We reserved decision on whether the government could obtain the remedy of "restitution" under § 1964. Asset Restraint Opinion, 1993 U.S. Dist. LEXIS 3354, 1993 WL 77319 at *4. We conclude today that § 1964 vests the district courts with the power to order restitution. Restitution is a remedy, historically available in equity, "by which [the] defendant is made to disgorge ill-gotten gains or to restore the status quo, or to accomplish both objectives." Securities & Exchange Comm'n v. Commonwealth Chemical Securities, Inc., 574 F.2d 90, 95 (2d Cir. 1978) (citation omitted). The availability to the government of the remedy of restitution follows from the broad equitable powers bestowed upon the federal courts by § 1964, see Bonanno, 683 F. Supp. at 1448, and is not seriously disputed by the parties.
However, the parties dispute the permissible scope of an award of restitution or disgorgement. It is the government's position that the Court has the power to order that each individual defendant pay restitution to the victims of the MOTBY scheme in the full amount of the loss suffered by the victims regardless of the amount of ill-gotten gains that defendant actually received. This position dovetails with the government's argument that the Court is empowered under § 1964 to order the defendants to disgorge, on a theory of joint and several liability, the amount of the ill-gotten gains received by all the participants in the MOTBY scheme. Based on this Court's finding that UTI saved $ 546,000 during the operation of the MOTBY scheme (the "MOTBY profits"), see Liability Opinion, 812 F. Supp. at 1320, the government asks this Court to award restitution from Carson, Gallagher, and Mangano in this amount, with prejudgment interest. The government also requests that the Court order that an equitable lien arose against Carson for $ 16,100, Mangano for $ 16,100, and Gallagher for $ 175,800, as of October 1, 1982.
We need not address the thorny question of whether the Court is empowered under the remedial provisions of the civil RICO statute to order "joint and several" disgorgement or full restitution against any of the individual defendants, regardless of the portion of ill-gotten sums received by the defendant in question. But see United States v. Local 295, Int'l Brotherhood of Teamsters, 90 CV 970, 1991 U.S. Dist. LEXIS 9564, *4, 1991 WL 128563 at *1 (E.D.N.Y June 28, 1991) (disgorgement under § 1964 not available on joint and several basis). For, even assuming arguendo that the Court is vested with such power, the Court would not, on the facts before it, exercise that power. Sitting in equity, this Court must balance several factors when fashioning relief. Upon such a balancing, we conclude that the remedy to which the government is entitled is a disgorgement award in an amount that approximates the amount that each of the defendants actually received. We will briefly state some of the factors that compel us to reach this conclusion.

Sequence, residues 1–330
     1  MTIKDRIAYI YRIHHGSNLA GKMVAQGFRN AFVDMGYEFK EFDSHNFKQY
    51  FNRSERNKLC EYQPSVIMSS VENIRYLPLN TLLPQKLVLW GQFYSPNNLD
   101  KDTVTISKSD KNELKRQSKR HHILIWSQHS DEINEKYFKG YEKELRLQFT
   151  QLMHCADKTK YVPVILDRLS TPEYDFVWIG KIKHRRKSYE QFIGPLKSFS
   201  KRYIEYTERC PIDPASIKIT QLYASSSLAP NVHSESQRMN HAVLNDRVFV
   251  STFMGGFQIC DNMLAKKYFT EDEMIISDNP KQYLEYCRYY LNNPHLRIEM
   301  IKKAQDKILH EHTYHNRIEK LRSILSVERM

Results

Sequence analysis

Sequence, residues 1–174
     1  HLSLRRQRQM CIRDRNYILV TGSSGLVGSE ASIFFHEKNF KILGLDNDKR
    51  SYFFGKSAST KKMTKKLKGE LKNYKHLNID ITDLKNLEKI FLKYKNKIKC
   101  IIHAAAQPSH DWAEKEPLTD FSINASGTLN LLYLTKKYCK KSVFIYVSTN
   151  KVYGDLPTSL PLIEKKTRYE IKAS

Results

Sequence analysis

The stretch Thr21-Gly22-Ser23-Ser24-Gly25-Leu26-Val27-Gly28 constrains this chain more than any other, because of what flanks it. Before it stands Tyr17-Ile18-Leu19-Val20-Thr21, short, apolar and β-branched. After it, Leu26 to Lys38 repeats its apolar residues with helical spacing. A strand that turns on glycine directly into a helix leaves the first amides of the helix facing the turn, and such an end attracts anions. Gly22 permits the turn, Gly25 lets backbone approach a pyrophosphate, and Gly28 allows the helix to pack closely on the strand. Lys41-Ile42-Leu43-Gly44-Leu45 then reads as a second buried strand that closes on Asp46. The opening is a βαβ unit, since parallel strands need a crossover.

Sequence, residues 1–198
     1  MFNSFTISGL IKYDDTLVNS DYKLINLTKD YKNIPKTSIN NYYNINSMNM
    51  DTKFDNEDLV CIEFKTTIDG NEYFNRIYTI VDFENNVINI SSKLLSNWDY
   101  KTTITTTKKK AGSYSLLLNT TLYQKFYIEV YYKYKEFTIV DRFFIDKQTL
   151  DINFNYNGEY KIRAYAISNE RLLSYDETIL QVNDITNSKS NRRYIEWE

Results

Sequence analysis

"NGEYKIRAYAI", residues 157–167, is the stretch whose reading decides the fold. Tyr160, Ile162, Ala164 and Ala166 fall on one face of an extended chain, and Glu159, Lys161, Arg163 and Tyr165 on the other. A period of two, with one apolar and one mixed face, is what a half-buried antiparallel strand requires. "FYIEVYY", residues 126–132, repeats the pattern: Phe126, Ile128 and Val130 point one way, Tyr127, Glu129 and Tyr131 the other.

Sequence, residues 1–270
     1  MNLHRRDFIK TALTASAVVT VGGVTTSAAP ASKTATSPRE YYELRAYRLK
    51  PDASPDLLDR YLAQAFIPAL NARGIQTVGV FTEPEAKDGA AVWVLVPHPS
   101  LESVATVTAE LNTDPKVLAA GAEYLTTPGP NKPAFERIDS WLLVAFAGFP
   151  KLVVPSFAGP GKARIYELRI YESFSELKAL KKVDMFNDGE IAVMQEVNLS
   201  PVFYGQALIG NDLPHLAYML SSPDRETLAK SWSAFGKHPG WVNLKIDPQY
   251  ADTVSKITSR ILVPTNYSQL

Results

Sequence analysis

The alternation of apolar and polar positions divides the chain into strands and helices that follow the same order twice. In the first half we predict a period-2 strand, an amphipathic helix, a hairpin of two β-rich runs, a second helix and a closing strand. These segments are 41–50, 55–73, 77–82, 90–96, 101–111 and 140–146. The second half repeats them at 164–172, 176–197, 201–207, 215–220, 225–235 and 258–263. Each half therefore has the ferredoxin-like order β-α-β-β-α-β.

First, we note that the government is seeking to hold the defendants liable for a sum which exceeds, at least in the cases of Carson and Mangano, the amount actually received by each defendant by sixty times. It is the opinion of the Court that this amount is excessive. Second, more than a decade has passed since the MOTBY scheme occurred. Indeed, the individual members of Local 1588, who were the principal victims of the MOTBY scheme, would be time-barred from bringing suit for damages on the theory and in the amount now advanced by the government. See Agency Holding Corp. v. Malley-Duff & Assoc., 483 U.S. 143, 156, 97 L. Ed. 2d 121, 107 S. Ct. 2759 (1987) (four year statute of limitations governs private civil RICO damage suits).
Third, as we have previously noted, when fashioning an equitable remedy it is appropriate to consider "the likelihood of future racketeering activity on the part of the defendants." Asset Restraint Opinion, 1993 U.S. Dist. LEXIS 3354, 1993 WL 77319 at *3 Given the advanced age of the three defendants, and the fact that a sentence has been imposed on Mangano which will likely result in his spending the remainder of his life behind bars, the likelihood of the commission of similar illegal acts by the defendants in the future is not overwhelming. The likelihood that the defendants will engage in racketeering acts in the future is also diminished by the injunctive relief granted by the Court. See Part II.B., infra. Fourth, we note that the MOTBY scheme was of relatively short duration; indeed, it lasted just over one year. The part played by the MOTBY scheme in casting the pall of organized crime over the New York/New Jersey waterfront is relatively small.